In a critical time for Egypt’s economy, which has been squeezed by turbulence and uncertainty since 2011, coupled with numerous challenges, such as the prolonged political transition that led to the build-up of macroeconomic imbalances.
The authorities decided to adopt an ambitious economic reform programme in an effort to tackle such problems within the Egyptian economy, address macroeconomic vulnerabilities, and promote inclusive growth and job creation. The programme, which was supported and demanded by the International Monetary Fund (IMF), included the introduction of the value-added tax (VAT) law, the reduction of fuel subsidies, cutting the huge public wages bill, and the liberalisation of the foreign exchange market, which took place in November 2016.
In reply to a question by Daily News Egypt about Egypt’s economic reform programme, and the CBE’s decision to free float the currency, business tycoon and chairperson of Orascom Telecom Media and Technology Holding, Naguib Sawiris, expressed that he believes that it was the right decision, albeit belated. If it was taken earlier, the US dollar exchange rate against the Egyptian pound would have been much lower, yet it is a step in the right direction, according to him. He added that if it was coupled with the right regulations to promote investments and exports, the Egyptian economy will benefit from it.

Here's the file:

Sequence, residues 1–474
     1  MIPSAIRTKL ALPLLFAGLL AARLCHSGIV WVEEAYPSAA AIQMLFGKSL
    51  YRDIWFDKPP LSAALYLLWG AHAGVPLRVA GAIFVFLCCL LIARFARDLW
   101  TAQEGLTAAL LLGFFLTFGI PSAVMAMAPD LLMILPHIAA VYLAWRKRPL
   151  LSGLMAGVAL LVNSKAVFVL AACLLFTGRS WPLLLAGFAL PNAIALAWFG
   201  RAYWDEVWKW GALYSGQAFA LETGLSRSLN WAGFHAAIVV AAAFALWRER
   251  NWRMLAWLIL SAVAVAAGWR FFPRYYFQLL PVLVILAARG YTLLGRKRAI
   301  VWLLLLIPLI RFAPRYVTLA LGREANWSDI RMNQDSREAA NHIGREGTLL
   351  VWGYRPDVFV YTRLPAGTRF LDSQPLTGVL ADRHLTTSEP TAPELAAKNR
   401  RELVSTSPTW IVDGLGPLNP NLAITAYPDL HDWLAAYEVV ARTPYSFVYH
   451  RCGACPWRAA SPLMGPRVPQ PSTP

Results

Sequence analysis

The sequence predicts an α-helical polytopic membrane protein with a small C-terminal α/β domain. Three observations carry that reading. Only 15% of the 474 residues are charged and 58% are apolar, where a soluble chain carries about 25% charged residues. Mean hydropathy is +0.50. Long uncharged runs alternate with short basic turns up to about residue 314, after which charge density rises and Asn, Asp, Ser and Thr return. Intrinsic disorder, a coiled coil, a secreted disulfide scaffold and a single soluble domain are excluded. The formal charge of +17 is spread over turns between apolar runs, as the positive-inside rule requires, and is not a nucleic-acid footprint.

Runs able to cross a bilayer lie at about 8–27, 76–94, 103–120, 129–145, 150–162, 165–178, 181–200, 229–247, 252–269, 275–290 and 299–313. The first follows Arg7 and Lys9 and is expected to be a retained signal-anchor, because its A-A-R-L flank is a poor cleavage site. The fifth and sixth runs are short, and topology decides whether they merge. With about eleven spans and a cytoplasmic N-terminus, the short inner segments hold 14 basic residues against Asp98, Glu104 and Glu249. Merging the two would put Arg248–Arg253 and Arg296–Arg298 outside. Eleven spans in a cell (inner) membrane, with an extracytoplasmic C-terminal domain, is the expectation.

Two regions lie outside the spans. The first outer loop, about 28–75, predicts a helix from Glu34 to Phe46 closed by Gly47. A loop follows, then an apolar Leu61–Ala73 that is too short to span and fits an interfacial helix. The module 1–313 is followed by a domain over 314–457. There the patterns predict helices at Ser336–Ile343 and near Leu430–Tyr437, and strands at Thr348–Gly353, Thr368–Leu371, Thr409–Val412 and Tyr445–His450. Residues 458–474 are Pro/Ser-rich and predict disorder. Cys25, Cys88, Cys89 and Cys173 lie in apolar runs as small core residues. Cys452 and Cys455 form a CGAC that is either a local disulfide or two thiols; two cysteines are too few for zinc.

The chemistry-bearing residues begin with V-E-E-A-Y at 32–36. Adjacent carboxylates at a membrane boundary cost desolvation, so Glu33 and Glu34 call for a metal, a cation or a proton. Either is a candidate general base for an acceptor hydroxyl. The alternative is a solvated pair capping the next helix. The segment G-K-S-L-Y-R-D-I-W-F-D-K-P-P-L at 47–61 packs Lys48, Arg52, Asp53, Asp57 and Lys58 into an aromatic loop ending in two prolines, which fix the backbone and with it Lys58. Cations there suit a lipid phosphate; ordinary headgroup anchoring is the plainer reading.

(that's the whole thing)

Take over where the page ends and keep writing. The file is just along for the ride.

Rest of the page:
Sawiris stated that in order to support the private sector, the government should establish a committee to abolish bureaucracy: “we need new legislations and laws to replace the outdated ones from the 1960s. The most important thing is that they need to make a law to protect the trustworthy public workers, so that they take the right decisions when needed, as well as speed the investment process.”
Resolving investors’ problems encourages them to invest more in the various sectors, and this will positively increase the economy’s growth rates and will help foster thousands of employment opportunities for young people, according to the chairperson.
Moreover, with regards to Orascom’s expansion plans, Sawiris told DNE that Orascom is currently more of an investment company than an operating company. “We currently invest in mining, financial services, real estate, and media. In order to have a diversified portfolio, we work globally, but we prefer Egypt and Africa. We have acquired a gold mine in Burkina Faso with $300m in investments, and it is expected to be operational in December. In addition to mining, we have acquired the majority stake in Riverbank, which specialises in financing small and medium enterprises (SMEs), predominantly in Benelux (Belgium, the Netherlands, and Luxembourg) and Germany.”